Are these prefabs hurricane proof?


I'm not quite sure, you'd have to ask the builders (we aren't building in hurricane areas)


originally posted by: Wildbob77
Currently I'm building a small house in the Pacific Northwest (Washington state) The house is 1100 square feet and I think that it is pretty small for a full time residence.

I have looked at the tiny houses and I just don't want to go that small.

I'm building the house myself. You might incorporate into you plan the possibility of people helping/building their own houses in a cooperative fashion. That way, everyone would have a deeper appreciation for what makes up a house, and how to maintain one.


Tiny homes are definitely not for everyone. But it's awesome to hear yet another person building their own home. Nice work!

As for communal building projects, that is actually one of our main focus' when it comes down to the whole community aspect to this project. Everyone working together to better the community as a whole. Of course, that too requires particular individuals with similar mindsets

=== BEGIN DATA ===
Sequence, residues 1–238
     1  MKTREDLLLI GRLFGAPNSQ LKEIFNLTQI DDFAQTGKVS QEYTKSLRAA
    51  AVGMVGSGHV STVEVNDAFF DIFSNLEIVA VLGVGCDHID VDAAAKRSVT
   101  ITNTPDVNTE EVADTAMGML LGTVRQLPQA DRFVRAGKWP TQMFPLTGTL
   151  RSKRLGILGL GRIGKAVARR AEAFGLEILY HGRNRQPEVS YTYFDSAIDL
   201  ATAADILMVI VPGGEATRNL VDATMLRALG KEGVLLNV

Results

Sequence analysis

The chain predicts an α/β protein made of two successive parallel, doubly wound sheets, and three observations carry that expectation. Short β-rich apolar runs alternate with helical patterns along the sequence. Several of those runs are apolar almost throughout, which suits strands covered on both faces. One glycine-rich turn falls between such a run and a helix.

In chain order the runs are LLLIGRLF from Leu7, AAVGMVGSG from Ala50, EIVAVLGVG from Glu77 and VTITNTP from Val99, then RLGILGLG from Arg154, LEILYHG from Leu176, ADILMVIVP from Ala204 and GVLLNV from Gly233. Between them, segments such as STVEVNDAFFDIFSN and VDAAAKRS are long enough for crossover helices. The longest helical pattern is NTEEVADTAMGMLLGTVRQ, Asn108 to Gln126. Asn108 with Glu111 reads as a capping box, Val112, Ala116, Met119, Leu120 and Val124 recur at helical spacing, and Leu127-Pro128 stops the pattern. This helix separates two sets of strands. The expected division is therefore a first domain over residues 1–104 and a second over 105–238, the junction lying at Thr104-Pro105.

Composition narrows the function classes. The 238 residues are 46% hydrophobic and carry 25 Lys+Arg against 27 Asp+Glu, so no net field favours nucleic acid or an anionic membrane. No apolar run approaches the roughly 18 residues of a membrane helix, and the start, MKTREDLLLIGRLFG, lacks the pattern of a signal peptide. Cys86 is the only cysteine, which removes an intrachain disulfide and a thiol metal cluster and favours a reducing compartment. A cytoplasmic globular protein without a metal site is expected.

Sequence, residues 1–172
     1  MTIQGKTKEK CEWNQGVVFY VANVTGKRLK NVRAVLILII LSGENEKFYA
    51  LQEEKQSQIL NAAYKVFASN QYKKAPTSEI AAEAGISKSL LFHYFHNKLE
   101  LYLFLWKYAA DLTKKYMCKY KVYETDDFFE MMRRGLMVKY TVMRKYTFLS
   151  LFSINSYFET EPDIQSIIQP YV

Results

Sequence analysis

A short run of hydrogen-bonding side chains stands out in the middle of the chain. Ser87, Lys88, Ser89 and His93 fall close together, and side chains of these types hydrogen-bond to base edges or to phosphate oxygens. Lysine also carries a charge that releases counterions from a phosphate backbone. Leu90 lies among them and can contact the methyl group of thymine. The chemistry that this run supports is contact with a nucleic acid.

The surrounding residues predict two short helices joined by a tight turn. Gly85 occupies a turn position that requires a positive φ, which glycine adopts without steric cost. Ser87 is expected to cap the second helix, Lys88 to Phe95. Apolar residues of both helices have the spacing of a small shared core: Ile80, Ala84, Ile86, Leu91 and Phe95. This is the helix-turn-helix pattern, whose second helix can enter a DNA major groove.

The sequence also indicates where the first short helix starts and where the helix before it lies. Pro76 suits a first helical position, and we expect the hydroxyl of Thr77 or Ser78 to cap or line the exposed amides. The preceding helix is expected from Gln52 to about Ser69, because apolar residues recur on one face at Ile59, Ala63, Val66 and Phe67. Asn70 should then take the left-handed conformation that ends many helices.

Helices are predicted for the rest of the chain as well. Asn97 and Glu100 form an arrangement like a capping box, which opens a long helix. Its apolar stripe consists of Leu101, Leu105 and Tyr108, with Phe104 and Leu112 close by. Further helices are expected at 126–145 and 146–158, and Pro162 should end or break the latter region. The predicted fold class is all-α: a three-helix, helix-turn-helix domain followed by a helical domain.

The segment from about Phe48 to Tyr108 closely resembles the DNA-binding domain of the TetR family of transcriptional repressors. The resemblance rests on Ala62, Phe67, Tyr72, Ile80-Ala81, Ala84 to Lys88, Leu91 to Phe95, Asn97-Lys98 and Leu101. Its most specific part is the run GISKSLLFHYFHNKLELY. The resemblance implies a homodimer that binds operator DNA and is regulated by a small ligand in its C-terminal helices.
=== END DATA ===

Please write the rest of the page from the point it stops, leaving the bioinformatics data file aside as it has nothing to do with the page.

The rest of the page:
posted on Oct, 21 2015 @ 11:27 AM
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I've got a log cabin that's falling apart, I wish I could just start from scratch, but hey....you work with what you've got. I've also got goats, chickens, bees and a garden. Feel free to ask any questions.

1. Basement One of the benefits of my house is there is a concrete basement. Yes, I've had some leak/minor flooding issues. But it is always good to have an underground, cool (as in temp) place. Either as the ultimate safe room, or just perfect for storage. *Be sure and store tools in it in case you're taking refuge in it and the house collapses on top (tornado)...so you can dig your way out.

2. As far as house size, perhaps you could meet somewhere in the middle. A little more space than a tiny house, but smaller than a 'normal' house- which I agree are generally ridiculously too big. My parents used some kind of 4' brick to build their new home and it is crazy energy efficient- sorry I don't know what they're made of or called, but you could look into it. Shipping containers make solid and cost effective structures- modular, small but you can keep adding on. I don't know about Canada, but here stores like Lowe's and Home Depot offer pre-fab structures. There's a 2 level barn looking one for only about $12,000. It's just a shell, you'd have to figure out insulation, water, electric....but there is plenty of open room for a person or two to live comfortably.